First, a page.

Icelandic Green Energy Geothermal (GEG) reports on the startup of the refurbished Bjarnarflag geothermal power plant in Iceland. With higher efficiency, the refurbished plant now produces 5 MW of power, 2 MW more than the older set-up, while using the same steam output for the plant.
Icelandic Green Energy Geothermal (GEG), the world’s first provider of turn-key flash type modular geothermal wellhead power plants, reports the successful conclusion of its contract to supply and build a 5 MW turbine-generator package for the Bjarnarflag geothermal power plant in the Northeast of Iceland.
GEG was awarded the contract by Icelandic national power company Landsvirkjun to design, manufacture and supply a replacement back-pressure turbine and generator, which was delivered, installed and commissioned on site.
The previous equipment, initially put into operation in a sugar factory in the United Kingdom in 1934, was set up to utilise geothermal energy for power generation at Lake Mývatn in Iceland in 1969. With the removal of the older equipment starting in March 2019 and subsequent renovations of the station, a new turbine-generator package was installed, as well as new electrical equipment. Testing began for the refurbished station in April 2019 with final testing taking place this autumn with the plant being now fully operational. With the addition of the refurbished station, security of electricity supply to the region improved.
With higher efficiency of the new plant, the plant now provides 2 MW more in power generation capacity, utilising the same amount of steam. A new operating license has been issued, as well as a renewed power plant and geothermal resource utilisation license. Thereby, the future of energy production at Bjarnarflag is guaranteed for the near future.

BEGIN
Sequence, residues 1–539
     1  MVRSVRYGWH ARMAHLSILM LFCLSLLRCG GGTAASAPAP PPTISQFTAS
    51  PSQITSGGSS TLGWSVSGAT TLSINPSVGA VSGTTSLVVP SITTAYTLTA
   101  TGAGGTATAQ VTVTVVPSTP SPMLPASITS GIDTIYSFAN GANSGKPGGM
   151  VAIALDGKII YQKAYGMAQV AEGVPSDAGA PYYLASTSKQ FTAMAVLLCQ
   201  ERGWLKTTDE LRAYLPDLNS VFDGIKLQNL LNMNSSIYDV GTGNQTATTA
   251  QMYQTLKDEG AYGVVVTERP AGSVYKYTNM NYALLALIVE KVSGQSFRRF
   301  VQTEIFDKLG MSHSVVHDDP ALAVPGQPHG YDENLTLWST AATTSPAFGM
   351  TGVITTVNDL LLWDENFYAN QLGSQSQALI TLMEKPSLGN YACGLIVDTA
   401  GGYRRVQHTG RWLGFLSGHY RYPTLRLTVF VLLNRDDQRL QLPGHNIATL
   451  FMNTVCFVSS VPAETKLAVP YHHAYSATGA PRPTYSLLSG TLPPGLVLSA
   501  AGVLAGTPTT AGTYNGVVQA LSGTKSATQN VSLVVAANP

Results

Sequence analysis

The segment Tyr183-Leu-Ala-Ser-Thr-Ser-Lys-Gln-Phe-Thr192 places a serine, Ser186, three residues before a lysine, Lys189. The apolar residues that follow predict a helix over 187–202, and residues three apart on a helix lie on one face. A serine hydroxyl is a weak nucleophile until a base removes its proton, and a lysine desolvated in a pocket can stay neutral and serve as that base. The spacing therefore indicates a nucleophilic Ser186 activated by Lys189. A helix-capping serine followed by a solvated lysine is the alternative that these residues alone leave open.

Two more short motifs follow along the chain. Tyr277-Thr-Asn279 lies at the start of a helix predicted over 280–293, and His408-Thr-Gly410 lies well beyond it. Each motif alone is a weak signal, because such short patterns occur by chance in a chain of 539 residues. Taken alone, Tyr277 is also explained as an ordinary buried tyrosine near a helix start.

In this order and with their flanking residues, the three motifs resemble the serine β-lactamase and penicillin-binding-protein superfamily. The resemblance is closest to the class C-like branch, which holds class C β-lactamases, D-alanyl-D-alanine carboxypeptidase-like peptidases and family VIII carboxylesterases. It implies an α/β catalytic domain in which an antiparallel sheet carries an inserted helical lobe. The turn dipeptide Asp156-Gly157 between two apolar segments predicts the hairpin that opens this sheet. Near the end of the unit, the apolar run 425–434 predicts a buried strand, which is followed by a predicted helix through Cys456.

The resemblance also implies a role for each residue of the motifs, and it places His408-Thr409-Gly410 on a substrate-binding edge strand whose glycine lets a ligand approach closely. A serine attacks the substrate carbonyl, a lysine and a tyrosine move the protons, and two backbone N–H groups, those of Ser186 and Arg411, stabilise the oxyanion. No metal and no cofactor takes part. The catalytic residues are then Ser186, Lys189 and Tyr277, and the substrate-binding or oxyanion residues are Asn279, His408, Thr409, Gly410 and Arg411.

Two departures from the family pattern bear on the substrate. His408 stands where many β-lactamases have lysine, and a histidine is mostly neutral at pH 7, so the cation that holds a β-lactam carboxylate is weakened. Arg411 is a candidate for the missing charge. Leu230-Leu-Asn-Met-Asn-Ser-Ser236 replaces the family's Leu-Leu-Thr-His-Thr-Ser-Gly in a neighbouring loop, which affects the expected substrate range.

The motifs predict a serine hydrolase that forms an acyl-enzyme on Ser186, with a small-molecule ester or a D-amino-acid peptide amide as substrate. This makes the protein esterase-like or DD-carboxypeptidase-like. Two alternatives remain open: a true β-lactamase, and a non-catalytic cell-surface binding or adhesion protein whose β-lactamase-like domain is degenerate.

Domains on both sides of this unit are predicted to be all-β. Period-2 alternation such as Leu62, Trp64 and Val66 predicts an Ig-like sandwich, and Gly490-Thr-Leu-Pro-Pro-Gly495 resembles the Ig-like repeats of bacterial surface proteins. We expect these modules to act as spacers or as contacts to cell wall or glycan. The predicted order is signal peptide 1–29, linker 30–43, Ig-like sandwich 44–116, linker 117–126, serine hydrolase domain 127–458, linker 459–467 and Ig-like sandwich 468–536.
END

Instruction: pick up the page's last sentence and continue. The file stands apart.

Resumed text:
The Bjarnarflag plant is located in proximity to the Krafla geothermal field in the Northeast of Iceland, and has been an important contributor to the local economy since 1969, satisfying not only local energy demand but also hot water for local heating supply and to the nature baths at Lake Mývatn via excess water from the plant.
“We are proud to see the Bjarnarflag plant starting operation in Iceland. The completion of the contract and our work is a milestone for GEG, as it was our first contract outside of Kenya, following our delivery of 15 modular geothermal wellhead power plants to KenGen in the Olkaria steam field in Kenya. It has been an honour being trusted to put our geothermal expertise to work and particularly in Iceland, one of the leading countries in the geothermal sphere. With the successful delivery and set-up of a back-pressure unit, we have also expanded our solution offering for small-scale geothermal power plants beyond flash-based turbine-genset packages.”, says Sigthor Jónsson, Managing Director of GEG.
“We can proudly present a geothermal power project successfully executed with the coordinated effort by Icelandic professionals, supplemented by high quality equipment suppliers. Special thanks to M+M Turbinentechnik along with our Icelandic subcontractors Deilir Technical Services, Orkusýn and PSC.”, says Snorri Einarsson, Managing Director, Technology & Engineering of GEG.
Green Energy Geothermal (GEG) is a pioneer in geothermal modular power plant technology. Delivered on an EPC/turn-key basis, GEG’s solution allows for an approach to geothermal power development using modules, commissioned on site in a short period of time. It enables a reduction in capital cost and project risk, providing a quicker payback on investment. The company offers plant sizes from 3.5 MWe to 10 MWe in single or twin turbine set-ups. Since 2011, GEG has successfully built and delivered 16 geothermal wellhead power plants with a total installed power generation capacity of 86 MWe.
Source: Company release by email and release by Landsvirkjun